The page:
Graham-Cassidy: Maybe the worst Republican health proposal yet // Economic Policy Institute Blog
The first plan the House of Representatives put forward to repeal the Affordable Cart Act (ACA) was the American Health Care Act (AHCA). The Congressional Budget Office projected that the AHCA would cost 24 million Americans their health insurance coverage by 2026. An amended version, which passed the House, cut this number to 23 million. Besides inflicting these coverage losses, the AHCA would have cost jobs and increased out-of-pocket costs faced by Americans.
The second plan, the Better Care Reconciliation Act (BCRA) failed narrowly in the Senate. The CBO projected that the BCRA would have cost 22 million Americans their coverage by 2026. On one hand, it may have seemed like progress of some kind to reduce the number thrown off the insurance rolls relative to the AHCA, but the BCRA back-loaded severe cuts to Medicaid beyond the budget window that CBO traditionally examines. This means that in the longer run, the BCRA would have been even more destructive to health security than the House-passed plan. Additionally, unlike the AHCA, the BCRA cut not just the expansions to Medicaid passed under the ACA, but cut deeply into traditional, pre-ACA Medicaid, shifting the burden of paying for health care onto states and/or poor households.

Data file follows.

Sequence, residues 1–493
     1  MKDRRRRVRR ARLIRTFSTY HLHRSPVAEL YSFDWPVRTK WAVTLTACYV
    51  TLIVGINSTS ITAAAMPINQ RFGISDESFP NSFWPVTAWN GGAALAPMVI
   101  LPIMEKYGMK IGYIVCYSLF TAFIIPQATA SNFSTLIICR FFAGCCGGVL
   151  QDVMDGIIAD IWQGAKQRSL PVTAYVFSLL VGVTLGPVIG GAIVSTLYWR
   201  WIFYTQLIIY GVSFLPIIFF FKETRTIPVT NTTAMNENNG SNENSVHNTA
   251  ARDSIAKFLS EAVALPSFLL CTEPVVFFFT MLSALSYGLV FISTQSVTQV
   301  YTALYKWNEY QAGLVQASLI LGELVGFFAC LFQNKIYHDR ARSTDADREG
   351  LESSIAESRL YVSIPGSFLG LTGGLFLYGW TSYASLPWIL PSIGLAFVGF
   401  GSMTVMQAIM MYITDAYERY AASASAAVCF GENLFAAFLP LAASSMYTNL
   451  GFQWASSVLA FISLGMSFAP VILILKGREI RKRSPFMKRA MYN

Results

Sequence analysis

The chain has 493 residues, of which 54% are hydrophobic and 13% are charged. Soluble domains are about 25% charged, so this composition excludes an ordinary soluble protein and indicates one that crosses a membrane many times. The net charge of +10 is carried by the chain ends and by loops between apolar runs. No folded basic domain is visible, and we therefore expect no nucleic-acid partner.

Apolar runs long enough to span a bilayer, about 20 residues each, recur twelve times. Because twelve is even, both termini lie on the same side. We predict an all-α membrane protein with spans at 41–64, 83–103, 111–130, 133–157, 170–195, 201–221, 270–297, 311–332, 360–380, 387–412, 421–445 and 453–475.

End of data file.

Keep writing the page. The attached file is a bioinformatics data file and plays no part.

Think of the latest Republican entry, known as Graham-Cassidy, as the BCRA on steroids. After the CBO budget window passes, Graham-Cassidy is not a "repeal-and-replace the ACA" plan. It's not even a straight "ACA repeal" plan. Instead, it's a plan that repeals the ACA and cuts Medicaid over and on top of that. It's, in short, an attempt to rollback not just the ACA, but even the coverage provided by the pre-ACA American health care system.
Just to remind everybody, this pre-ACA coverage system was unraveling at a rapid rate, with roughly 15 million workers losing employer-based coverage between 2000 and 2010.
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